Filed under: Announcements & Events, Downloads, Legal P2P News & Issues
The association against copyright infringement (GVU) has recently commissioned a new study to prove the high rates of piracy related to e-books. According to the survey conducted by The Society for Consumer Research (GfK), Germans downloaded and uploaded without permission 14 million e-books in 2010.
However, according to reports from the publishing industry show that of the entire book market e-books account for very little (about 0.5 percent).
10,000 people were included in the survey which says that of the 23 million e-books downloaded in Germany in 2010, around 14 million were pirated copies, most of them belonging to specialist literature used by students, such as medical textbooks from major publishers like Springer or Thieme.
While the GfK didn’t use the term ‘illegal’ in their final assessment, saying “We never make a judgement on that,” the whole point for the GVU was to use especially that word. The group counted all downloads as illegal if those participating in the survey said they used “file-sharing networks, hosting services, private websites, blogs, forums, ftp-servers, or newsgroups” to download those ebooks.
Also according to the study, 64 percent of people buying e-books (and spending an average of €10.40 on each book) are men.
In the wake of new debates over the severity of filesharing penalties enforced in many European countries, French news site Numerama has published a comparison list between penalties for copyright infringement acts and penalties for other offenses.
What triggered this comparison was a recent conviction in Sweden and the idea was to check what other crimes are punished similarly to filesharing – if the latter can get someone to be sentenced to 3 years in prison, for what other offenses could someone receive either an equal sentence or less? (the results concern the French law)
Below there’s a list of the offenses punishable in terms of jail time similarly to copyright infringement (as posted by Zeropaid):
- Repeatedly sending death threats on a transfixed medium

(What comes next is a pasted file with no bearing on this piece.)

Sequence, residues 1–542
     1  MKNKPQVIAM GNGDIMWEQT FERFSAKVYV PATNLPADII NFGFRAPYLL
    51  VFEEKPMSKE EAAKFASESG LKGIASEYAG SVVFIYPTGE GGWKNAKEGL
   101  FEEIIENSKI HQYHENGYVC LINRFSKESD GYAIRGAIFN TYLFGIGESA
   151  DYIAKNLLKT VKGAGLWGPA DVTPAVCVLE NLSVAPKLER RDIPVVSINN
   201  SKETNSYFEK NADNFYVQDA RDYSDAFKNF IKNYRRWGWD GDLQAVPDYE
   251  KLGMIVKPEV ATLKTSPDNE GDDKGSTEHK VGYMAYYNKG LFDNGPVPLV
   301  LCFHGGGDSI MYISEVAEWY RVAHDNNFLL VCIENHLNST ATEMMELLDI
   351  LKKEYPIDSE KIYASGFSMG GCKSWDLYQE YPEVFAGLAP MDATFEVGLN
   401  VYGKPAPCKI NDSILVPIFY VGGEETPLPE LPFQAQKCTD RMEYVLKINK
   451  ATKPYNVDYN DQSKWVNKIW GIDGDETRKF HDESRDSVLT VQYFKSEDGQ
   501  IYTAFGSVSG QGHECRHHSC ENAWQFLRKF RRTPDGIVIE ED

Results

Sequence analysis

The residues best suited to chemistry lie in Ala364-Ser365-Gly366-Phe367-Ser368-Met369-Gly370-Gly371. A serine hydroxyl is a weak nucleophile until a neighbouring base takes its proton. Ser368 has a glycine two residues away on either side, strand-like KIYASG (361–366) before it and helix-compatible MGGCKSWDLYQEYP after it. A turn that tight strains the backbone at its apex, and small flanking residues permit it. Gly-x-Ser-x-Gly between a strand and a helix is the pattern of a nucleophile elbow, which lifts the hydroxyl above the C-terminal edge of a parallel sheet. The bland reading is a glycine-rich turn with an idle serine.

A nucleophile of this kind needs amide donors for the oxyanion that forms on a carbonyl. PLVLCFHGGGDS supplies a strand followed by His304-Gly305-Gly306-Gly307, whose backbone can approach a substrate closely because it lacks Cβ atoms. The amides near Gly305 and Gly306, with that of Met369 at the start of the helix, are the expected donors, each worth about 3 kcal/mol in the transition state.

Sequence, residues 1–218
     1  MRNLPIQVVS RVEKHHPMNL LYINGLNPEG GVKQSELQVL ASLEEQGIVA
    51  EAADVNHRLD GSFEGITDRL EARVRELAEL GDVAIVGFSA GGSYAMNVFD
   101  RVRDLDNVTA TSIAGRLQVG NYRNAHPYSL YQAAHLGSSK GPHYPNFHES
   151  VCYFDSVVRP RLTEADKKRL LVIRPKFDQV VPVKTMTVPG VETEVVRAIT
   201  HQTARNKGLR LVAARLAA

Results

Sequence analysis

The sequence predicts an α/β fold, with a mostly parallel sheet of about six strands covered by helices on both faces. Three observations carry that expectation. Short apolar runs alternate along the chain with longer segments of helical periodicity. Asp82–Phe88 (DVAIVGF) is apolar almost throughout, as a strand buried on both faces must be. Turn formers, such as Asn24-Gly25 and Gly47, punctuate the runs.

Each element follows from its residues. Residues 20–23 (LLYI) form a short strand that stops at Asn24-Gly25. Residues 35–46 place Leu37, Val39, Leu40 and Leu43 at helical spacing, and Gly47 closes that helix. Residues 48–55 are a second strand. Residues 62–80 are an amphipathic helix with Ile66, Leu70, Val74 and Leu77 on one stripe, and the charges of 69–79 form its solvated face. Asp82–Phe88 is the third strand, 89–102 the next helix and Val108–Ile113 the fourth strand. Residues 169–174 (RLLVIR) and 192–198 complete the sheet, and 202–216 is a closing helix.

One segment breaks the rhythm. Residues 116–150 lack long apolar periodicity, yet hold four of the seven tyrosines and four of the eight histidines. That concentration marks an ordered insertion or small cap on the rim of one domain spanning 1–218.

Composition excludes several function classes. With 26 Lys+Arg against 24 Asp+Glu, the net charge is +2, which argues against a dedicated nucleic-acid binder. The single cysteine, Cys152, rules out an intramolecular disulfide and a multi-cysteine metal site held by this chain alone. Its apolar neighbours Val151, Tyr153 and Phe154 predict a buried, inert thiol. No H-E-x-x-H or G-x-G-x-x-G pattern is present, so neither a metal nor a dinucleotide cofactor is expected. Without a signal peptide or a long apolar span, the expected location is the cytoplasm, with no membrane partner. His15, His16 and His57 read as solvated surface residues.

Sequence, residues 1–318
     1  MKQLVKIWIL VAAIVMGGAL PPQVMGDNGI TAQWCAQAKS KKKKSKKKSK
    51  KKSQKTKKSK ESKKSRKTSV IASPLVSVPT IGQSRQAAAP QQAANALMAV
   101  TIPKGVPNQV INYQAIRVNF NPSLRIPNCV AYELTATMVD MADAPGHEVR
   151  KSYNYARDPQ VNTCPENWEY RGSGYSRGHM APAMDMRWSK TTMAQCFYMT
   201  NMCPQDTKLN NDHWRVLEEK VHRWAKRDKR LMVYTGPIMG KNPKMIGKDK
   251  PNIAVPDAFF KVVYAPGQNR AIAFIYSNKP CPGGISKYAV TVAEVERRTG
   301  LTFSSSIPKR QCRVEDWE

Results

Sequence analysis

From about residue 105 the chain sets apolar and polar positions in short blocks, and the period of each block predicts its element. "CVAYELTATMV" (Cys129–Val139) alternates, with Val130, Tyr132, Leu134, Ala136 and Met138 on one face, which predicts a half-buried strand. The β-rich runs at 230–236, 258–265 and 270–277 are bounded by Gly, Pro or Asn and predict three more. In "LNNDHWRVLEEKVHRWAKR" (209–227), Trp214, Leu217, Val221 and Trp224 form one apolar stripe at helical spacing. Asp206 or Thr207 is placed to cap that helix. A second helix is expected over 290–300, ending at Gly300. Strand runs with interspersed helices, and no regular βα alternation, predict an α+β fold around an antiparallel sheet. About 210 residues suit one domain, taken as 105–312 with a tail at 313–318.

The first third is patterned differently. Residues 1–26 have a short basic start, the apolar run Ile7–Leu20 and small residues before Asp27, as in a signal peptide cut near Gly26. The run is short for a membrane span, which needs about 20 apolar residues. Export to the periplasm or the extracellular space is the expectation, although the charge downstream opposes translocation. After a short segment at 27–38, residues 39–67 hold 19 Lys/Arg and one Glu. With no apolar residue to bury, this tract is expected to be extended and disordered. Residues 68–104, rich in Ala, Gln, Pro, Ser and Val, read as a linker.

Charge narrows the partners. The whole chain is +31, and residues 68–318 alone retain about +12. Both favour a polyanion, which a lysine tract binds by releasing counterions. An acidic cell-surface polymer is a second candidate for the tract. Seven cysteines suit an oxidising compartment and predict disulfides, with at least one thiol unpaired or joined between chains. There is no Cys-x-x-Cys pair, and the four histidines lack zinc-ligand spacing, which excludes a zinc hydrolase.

- Conducting biomedical procedures on someone without the consent of the patient
- Breach of trust
- Some forms of obstruction of justice
Below there’s also an interesting list with crimes which if you commit get you less time in jail than if you were an illegal filesharer:
- Sexual exhibition in a public place
- Harassment in order to obtain sexual favors
- The desecration of a corpse in a cemetery/attacking a corpse
- Third party identity theft
- The abandonment of a child/infant
- Making sexual advances to a minor whether electronically or otherwise (if the minor is 15 years old or younger)
- Destruction of other people’s property
- Serious offenses related to animal abuse
To be honest, the lists above speak for themselves and the story they tell is that of a f**ked up system where human life and the need to protect copyrights are placed at the same level; as Zeropaid comments:
“In any event, I think for French people, this really does put into perspective how high the penalties are for infringement. The day we start placing intellectual property on a higher level of value than life itself is the day I think society needs to seriously re-look at our values.”
Nevada-based adult movie company First Time Video was allowed to carry on with its legal hunt for filesharers who used BitTorrent to illegally upload and download its content, the adult industry news site xbiz.com reports.
In 2010 First Time Video took legal action against 500 John Does infringers and subpoenaed ISPs in an attempt to find out the identities of the copyright violators. When the ISPs served its users, 21 of them moved to quash, four moved to dismiss and eight moved to sever, xbiz says.
Last week U.S. District Judge Ruben Castillo ditched the remaining motions ruling that the quash motions did not request the kind of privileged information which the federal rules or the Constitution protect. “Anonymous speech does not enjoy absolute protection. Indeed, copyright infringement is not protected by the First Amendment,” he added.